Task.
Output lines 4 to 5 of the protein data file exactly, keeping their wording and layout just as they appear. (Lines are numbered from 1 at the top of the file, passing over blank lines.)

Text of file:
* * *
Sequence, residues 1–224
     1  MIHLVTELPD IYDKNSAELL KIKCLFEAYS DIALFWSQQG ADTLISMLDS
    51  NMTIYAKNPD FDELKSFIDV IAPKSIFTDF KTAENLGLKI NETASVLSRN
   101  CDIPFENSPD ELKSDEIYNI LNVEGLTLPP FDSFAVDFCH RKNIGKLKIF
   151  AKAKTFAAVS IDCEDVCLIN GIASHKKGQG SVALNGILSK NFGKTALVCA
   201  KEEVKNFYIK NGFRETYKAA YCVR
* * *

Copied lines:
   101  CDIPFENSPD ELKSDEIYNI LNVEGLTLPP FDSFAVDFCH RKNIGKLKIF
   151  AKAKTFAAVS IDCEDVCLIN GIASHKKGQG SVALNGILSK NFGKTALVCA